# Algorithm of the Week: Shortest Path with Djikstra

# Algorithm of the Week: Shortest Path with Djikstra

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Tonight I decided my study time would be to sit down and implement Djikstra’s algorithm in Python to help me understand it. When coding up a solution to a problem like this I tend to try to not look at other solutions so I won’t be tempted to cheat and skip steps in the learning process. Hopefully that means a more thorough explanation as well as code that makes more sense to someone just learning.

So first what is a “shortest path” algorithm and why Djikstra’s algorithm specifically?

Shortest path algorithms can be most easily related to a class of problem every online driving direction service (like MapQuest or Google Maps) has to solve. These problems work with a concept known as a directed weighted graph which is a collection of points with connections to other points as well as a cost for each connection. Here, it might help to visualize it:

Imagine that’s a simplified map of a city. Each of the labeled circles are street intersections. The lines connecting them are streets and the numbers are how long it takes to get to each intersection from the previous one.

Now, as quickly as you can, tell me what route through the city will take the least amount of time?

Let’s use that as the problem we want to solve.

## First steps

I like to work backwards and start with what do I expect to do to invoke the algorithm. I’ll need something like this:

solution = find_shortest_path(graph, "A", "H")

Also we’ll need to describe our graph in the form of a data structure. I love JSON so let’s use the next closest thing in Python: Dictionaries. This is the graph above translated:

graph = { "A": { "B": 1, "C": 2 }, "B": { "F": 6, "C": 1, "E": 3 }, "C": { "E": 4, "D": 2 }, "D": { "E": 1, "G": 4 }, "E": { "F": 2, "G": 2 }, "F": { "G": 1, "H": 11 }, "G": { "H": 14 } }

This can be read as: “Traveling from intersection A to intersection B takes 1 minute.” “Traveling from intersection A to intersection C takes 2 minutes.” “Traveling from intersection B to intersection F takes 6 minutes.” etc.

If you want to skip directly to the main event, my finished code is here :https://gist.github.com/jcbozonier/5424673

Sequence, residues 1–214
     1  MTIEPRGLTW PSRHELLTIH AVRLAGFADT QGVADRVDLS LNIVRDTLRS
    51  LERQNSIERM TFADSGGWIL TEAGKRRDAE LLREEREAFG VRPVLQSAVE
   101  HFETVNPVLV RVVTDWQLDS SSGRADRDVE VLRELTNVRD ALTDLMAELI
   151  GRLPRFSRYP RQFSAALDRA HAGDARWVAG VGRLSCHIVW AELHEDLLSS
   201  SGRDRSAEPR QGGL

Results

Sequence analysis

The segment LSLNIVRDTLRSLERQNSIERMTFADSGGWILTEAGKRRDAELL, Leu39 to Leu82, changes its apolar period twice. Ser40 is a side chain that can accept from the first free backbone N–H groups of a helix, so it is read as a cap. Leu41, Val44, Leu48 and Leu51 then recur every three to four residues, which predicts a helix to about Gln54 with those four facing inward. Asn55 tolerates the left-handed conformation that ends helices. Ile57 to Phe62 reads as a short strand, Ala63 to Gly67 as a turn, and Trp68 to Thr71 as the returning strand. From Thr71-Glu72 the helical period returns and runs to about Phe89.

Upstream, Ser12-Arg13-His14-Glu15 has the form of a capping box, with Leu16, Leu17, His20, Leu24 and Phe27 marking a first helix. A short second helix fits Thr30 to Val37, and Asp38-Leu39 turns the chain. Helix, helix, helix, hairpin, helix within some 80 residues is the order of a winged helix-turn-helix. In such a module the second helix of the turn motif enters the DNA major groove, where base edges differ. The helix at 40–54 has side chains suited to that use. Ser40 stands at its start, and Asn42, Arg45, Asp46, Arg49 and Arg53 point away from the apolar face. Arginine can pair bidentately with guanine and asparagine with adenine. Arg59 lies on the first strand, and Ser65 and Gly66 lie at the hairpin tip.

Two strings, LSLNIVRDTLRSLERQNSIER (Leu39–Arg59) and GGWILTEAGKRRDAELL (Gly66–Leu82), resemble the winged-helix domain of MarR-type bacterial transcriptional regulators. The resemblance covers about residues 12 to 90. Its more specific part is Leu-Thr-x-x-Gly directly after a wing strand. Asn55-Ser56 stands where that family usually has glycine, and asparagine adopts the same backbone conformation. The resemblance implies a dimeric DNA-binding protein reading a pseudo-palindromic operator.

The main portion of the code that also (conveniently) explains the high level process is this:

def find_shortest_path(graph, start_node, goal_node): paths = [{'path': [start_node], 'cost': 0}] while not something_reaches_goal(paths, goal_node): path = get_lowest_cost_path(paths) new_paths = get_nodes_and_costs(graph, path) paths.extend(new_paths) paths.remove(path) return get_path_that_reaches_goal(paths, goal_node)

It starts by creating a default path on the starting node.

The next step is to check if we have a path that connects to the goal node that is also our cheapest option. That’s only possible at this point if your start and goal node are the same. Next we get the lowest cost path from our list of paths and then search that node to get us all of the paths it makes up along with their total costs. We add those paths to our pre-existing list of paths and then remove the path we just explored.

Repeat that paragraph over and over until you’ve found your solution.

## Digging in a bit deeper

What I had to realize is the core of this program is this big list of potential paths to look at. The more “official” term is “edges” let’s not get hung up on that though. So yeah we have this list of potential paths that have the total costs associated with them and we’re basically just saying “Hey! This path takes less time than the others. I wonder if it’ll still be that way when we grab the next intersections it’s connected to.”

So we’re exploring the different intersections and simultaneously only those intersections that will give us the lowest *total* time possible.

Also notice that once we’ve explored a path and discovered all of its connected paths, we remove it from our list. We already know it isn’t the optimal path because we check on that before we start each iteration in our loop. If it was the best path we would’ve stopped already.

There are more details in the specific methods that make up this overall view of the algorithm but they’re more implementation concerns to me. Once you understand what is really making the algorithm tick you can code those whatever way you like.

I expect there are bugs in it as I haven’t tested it with cyclical graphs yet. Either way I learned a bunch!

## Our final answer

Oh yeah! So what’s the solution to our problem? This is the output of the function:

{'path': ['A', 'B', 'E', 'F', 'H'], 'cost': 17}

So A -> B -> E -> F -> H is the quickest route with a time of 17 minutes.

Again, the finished code is here: https://gist.github.com/jcbozonier/5424673

I also instrumented my code to explain each step of the algorithm here (settle in, it’s gonna be a long one):https://gist.github.com/jcbozonier/5424843

Note: All views expressed here are my own and not those of my employer.

Hortonworks Sandbox for HDP and HDF is your chance to get started on learning, developing, testing and trying out new features. Each download comes preconfigured with interactive tutorials, sample data and developments from the Apache community.

Published at DZone with permission of Justin Bozonier , DZone MVB. See the original article here.

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